Tuesday, May 26, 2009

Are We Headed Toward a Wireless Future?

WXPNews: Published by Sunbelt Software since 2001

Vol. 9, #72 - May 26, 2009 - Issue #380

 Are We Headed Toward a Wireless Future?

  1. Editor's Corner
    • Are We Headed Toward a Wireless Future?
    • Follow-up: Beating the same old DRM
    • Quotes of the Week
  2. Cool Tools
    • Tools We Think You Shouldn't Be Without
  3. News, Hints, Tips and Tricks
    • Feature comparison: Win 7 vs. Vista SP1 vs. XP SP3
    • U.S. Army is moving from Windows XP to Vista
    • New Microsoft search engine set to launch this week
  4. How To: Using XP Features
    • How to color code folders
  5. XP Security News
    • Adobe promises better security for Reader
    • IIS 5.x and 6.x Security Advisory
  6. XP Question Corner
    • "Sidebar Clock" for XP?
  7. XP Configuration and Troubleshooting
    • Dialog box content doesn't update when you use Run As to start an application
    • Can't drag and drop Outlook email message on XP SP2 computer
  8. Fav Links
    • This Week's Links We Like. Tips, Hints And Fun Stuff
  9. Product of the Week
    • CyberScrub Privacy Suite: NEW Version 5.1 Completely Erase Evidence of All Internet/Computer Activity & Encrypt Data

Your Current (free) Antivirus Costs You $200!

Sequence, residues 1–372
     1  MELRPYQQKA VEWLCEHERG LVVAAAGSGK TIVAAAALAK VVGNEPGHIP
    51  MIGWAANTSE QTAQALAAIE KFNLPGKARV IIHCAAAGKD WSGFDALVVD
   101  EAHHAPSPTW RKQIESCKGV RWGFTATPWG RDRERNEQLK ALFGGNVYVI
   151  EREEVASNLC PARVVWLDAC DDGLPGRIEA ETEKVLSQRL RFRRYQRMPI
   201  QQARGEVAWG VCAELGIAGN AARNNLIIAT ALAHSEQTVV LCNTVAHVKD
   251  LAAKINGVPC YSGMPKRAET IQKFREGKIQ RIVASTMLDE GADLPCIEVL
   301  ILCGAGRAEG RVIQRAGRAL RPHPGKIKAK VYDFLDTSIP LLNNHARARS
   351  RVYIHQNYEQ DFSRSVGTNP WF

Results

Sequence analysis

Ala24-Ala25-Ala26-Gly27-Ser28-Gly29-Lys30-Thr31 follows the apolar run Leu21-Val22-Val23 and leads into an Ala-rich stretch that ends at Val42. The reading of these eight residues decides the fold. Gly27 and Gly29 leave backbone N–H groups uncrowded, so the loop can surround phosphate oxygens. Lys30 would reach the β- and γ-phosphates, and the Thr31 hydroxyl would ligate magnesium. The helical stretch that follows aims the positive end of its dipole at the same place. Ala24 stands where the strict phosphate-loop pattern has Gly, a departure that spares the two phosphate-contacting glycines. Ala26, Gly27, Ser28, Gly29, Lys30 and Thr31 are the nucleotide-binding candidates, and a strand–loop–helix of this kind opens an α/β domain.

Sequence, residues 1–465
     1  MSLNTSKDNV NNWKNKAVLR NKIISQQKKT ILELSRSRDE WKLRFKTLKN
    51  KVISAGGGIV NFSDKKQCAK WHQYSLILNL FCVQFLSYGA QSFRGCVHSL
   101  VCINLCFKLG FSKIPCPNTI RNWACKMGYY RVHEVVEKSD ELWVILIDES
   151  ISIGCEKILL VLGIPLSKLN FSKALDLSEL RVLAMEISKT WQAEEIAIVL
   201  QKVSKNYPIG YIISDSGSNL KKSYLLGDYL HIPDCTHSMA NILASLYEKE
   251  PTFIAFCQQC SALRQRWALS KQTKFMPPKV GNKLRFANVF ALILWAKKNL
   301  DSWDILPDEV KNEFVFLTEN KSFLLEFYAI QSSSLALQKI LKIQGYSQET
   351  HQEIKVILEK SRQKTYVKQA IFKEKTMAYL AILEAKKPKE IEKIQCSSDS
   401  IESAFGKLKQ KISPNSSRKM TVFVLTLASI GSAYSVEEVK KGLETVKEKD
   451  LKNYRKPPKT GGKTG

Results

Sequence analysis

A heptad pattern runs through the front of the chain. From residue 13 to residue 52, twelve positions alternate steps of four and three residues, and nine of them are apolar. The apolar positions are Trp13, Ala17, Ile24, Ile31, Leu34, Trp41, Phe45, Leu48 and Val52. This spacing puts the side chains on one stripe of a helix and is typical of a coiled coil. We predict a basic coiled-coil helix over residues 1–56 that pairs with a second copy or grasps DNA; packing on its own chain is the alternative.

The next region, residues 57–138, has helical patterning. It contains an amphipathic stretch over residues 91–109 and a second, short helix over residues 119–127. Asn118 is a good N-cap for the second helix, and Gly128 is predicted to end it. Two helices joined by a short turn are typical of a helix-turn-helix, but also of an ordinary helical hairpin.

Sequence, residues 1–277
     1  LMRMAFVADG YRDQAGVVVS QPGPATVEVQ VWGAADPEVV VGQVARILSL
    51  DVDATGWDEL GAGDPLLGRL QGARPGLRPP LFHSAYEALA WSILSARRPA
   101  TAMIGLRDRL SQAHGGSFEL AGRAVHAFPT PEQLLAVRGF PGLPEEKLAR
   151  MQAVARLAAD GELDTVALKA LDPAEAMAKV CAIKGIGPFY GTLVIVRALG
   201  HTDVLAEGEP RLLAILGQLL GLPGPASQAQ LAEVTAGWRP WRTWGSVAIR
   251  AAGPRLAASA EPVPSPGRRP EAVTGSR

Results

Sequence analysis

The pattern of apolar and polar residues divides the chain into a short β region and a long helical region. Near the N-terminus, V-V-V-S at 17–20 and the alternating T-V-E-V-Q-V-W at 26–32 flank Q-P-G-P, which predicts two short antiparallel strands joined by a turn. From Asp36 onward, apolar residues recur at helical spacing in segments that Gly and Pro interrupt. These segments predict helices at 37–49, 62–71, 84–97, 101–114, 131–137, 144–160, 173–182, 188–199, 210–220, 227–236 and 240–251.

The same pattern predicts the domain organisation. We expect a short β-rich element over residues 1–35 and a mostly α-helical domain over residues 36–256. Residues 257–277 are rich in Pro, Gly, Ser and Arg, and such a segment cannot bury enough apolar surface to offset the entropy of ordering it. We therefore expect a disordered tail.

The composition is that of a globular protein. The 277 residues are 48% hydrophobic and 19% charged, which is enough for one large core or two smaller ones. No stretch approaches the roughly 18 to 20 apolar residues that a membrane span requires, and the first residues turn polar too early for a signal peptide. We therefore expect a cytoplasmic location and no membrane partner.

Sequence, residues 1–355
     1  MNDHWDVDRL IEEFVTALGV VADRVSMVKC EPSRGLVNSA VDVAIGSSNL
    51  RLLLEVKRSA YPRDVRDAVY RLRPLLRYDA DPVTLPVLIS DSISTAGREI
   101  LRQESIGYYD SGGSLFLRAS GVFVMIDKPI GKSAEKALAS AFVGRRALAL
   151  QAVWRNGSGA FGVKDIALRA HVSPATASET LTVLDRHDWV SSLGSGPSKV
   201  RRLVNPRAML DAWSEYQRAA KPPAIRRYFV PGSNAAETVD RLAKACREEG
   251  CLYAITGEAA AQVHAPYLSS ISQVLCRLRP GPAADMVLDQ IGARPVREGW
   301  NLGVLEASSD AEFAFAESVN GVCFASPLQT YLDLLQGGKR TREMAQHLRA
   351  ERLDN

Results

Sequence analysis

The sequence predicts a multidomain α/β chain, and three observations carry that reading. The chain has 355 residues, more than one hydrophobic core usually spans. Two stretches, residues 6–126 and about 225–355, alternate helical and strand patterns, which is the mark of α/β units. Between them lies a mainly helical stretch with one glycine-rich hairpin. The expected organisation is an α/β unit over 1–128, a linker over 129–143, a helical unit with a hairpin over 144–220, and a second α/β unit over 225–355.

Huh? Yes, you read that right. Do the math with us for a sec. We recently asked you how much you paid for your Personal Computer and peripherals. The vast majority answered that it was about $1,000 total. Now, the average old-style antivirus (paid or free) you install, hijacks about 20% of that PC, in CPU and Memory. Bingo, there's your lost 200 bucks! Time to switch don't you think? Get VIPRE. It's not a resource hog, does not slow down your PC, and is only $30 per year. Get your 15-day eval here and experience VIPRE for yourself:

 Editor's Corner

Are We Headed Toward a Wireless Future?

Once upon a time, setting up a home or office network involved running cables - lots of them. If you had the skills (or the money to pay someone who did) you got up in the attic and dropped the cables through the walls. If you didn't, you ran them around the baseboards and over the doors. Sometimes it was a real challenge to get those cables where they needed to go. Then along came wi-fi, and all that changed.

Now setting up a home network is as simple as plugging a wireless access point into your Internet modem or router. In fact, many ISPs provide routers that already have wireless built in, so all you have to do is configure your computers to connect. Of course, that means each computer needs a wireless network interface card (NIC), but almost all laptops now come with one built in and you can buy USB versions for your desktop systems, so that you don't even have to open up the case to install them.

Back in those early days of networking, computers didn't typically come with Ethernet adapters. You had to buy the card, crack open the computer and install it in an empty expansion slot. Today an Ethernet adapter is built into the motherboard of most desktop systems. I expect that a few years from now, those RJ45 jacks on the back of consumer grade computers will disappear and most of them will come with built-in wireless adapters just as laptops do now. In the typical home, at least, network cables may very well become a thing of the past.